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March 15, 2017

Daily News Brief

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Dutch Vote Tests European Populism

Dutch voters head to the polls Wednesday in an election seen as a test of strength for resurgent populism across Europe ahead of upcoming elections in France, Germany, and possibly Italy. The vote pits Prime Minister Mark Rutte against populist Geert Wilders, who has said he will pull the Netherlands out of the European Union (Bloomberg). Polls on Tuesday showed an advantage (Guardian) for Rutte's center-right People's Party for Freedom and Democracy over Wilders's Freedom Party, which has proposed banning the Quran (FT) and closing mosques in the Netherlands. Additionally, the GreenLeft party, which criticized Rutte's handling of the refugee crisis as an "excuse to look the other way," is expected to see its best electoral performance.


"As many as five different parties (an all-time high) may need to join up to form a majority government. Straight-up proportional representation will deliver what a skeptic might expect: a customized political movement for practically every voter, with seats for a senior citizen party (50 Plus), a green party (GreenLeft), an animal rights party (PvdD), a Turkish nationalist party (DENK), and a pro-Russia party (Forum for Democracy). But the complicated bargaining process that will eventually produce a workable majority is unlikely to trigger radical policies, test democratic institutions, or lead to the continued unraveling of the European Union," Stan A. Veuger writes for Foreign Affairs.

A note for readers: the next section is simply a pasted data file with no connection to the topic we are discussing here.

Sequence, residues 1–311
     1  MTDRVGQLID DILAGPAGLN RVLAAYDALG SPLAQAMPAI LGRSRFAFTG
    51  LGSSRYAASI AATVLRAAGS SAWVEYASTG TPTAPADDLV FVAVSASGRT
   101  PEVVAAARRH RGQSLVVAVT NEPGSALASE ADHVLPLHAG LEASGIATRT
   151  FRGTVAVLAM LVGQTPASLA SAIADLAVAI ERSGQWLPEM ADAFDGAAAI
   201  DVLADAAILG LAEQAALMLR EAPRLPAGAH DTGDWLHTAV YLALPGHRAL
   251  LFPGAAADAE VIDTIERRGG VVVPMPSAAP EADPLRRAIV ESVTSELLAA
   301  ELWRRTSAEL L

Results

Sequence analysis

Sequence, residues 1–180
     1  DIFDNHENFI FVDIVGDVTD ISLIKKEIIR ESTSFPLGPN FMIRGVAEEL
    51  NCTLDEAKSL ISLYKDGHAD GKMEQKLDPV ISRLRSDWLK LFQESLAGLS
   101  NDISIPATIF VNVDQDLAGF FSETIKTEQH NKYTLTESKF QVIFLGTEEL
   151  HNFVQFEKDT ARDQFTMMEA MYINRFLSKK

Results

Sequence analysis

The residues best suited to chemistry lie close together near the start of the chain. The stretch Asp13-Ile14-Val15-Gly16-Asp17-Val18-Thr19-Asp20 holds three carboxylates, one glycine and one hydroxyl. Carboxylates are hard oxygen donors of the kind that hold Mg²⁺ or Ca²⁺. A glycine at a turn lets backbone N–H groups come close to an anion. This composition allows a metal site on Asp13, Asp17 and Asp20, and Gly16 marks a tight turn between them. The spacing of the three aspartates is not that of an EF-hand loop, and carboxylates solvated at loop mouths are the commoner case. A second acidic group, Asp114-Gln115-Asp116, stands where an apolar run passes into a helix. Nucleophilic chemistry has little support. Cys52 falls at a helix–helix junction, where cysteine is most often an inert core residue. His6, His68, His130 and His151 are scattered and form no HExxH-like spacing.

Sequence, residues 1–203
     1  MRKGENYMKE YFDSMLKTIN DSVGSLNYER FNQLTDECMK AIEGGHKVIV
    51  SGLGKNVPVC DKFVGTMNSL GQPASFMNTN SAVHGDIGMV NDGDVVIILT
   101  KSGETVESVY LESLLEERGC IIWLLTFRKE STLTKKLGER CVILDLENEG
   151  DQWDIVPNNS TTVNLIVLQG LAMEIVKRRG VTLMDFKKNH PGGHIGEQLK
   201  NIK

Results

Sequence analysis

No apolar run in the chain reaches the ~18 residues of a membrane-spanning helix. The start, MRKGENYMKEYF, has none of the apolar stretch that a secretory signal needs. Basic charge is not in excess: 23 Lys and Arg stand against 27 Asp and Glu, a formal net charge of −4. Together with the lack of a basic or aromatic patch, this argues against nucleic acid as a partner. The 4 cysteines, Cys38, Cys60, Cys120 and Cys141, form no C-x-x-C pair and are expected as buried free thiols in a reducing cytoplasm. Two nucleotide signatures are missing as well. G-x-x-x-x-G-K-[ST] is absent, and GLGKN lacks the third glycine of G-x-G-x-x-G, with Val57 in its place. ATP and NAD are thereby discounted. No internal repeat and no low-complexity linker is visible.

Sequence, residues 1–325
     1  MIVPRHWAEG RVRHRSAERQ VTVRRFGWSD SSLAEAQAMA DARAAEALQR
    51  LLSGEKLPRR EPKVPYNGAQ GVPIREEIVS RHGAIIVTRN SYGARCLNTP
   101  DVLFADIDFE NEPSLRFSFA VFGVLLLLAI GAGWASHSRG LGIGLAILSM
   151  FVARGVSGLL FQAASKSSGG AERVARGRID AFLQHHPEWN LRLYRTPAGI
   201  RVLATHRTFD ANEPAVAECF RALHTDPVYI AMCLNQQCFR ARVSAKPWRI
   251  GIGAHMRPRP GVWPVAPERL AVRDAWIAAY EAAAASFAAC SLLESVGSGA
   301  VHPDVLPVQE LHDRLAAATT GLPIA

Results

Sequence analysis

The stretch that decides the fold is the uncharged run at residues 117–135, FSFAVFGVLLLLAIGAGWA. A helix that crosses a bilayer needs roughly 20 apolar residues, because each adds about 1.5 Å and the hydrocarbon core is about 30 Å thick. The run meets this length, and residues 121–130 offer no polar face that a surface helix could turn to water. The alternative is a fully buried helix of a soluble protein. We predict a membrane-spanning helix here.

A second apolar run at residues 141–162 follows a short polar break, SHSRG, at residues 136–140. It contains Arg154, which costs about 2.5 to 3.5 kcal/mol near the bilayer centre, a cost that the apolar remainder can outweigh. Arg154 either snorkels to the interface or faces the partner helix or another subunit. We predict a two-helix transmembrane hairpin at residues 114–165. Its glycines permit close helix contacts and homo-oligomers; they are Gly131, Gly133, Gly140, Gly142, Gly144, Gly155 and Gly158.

"After the 9/11 attacks, a politician named Pim Fortuyn went against the consensus and began criticizing immigration. He was shot and killed in the run up to elections in 2002. It was the first political murder in the Netherlands in some three hundred years. At that time, Geert Wilders was with the center-right People’s Party for Freedom and Democracy (VVD), and he criticized Fortuyn for going too far. But after Fortuyn’s death, Wilders radicalized to the point that he left the VVD and created his own party, the anti-immigration Freedom Party (PVV). In the past five years, he has become increasingly radical," Pieter Cleppe said in a CFR interview.

"Mr. Wilders is close ideologically to Marine Le Pen of France, the far-right National Front leader who is set to make it to a runoff in presidential elections this spring. He was also close to Mr. Trump’s campaign, and is sometimes even called the 'Dutch Trump,' though he has a far longer political history and as many differences as similarities," Alissa J. Rubin writes for the New York Times.


Chinese Premier Conciliatory Toward U.S.

Chinese Premier Li Keqiang said that China and the United States "share extensive common interests" (NYT) ahead of an expected meeting between Chinese President Xi Jinping and U.S. President Donald J. Trump at Mar-a-Lago next month. Li cited Trump's affirmation of the United States’ One China policy (FT) as proof the two countries could work together.

SOUTH KOREA: The acting president announced snap presidential elections for May 9 (WSJ) following the Constitutional Court’s decision to uphold the impeachment of former President Park Geun-hye.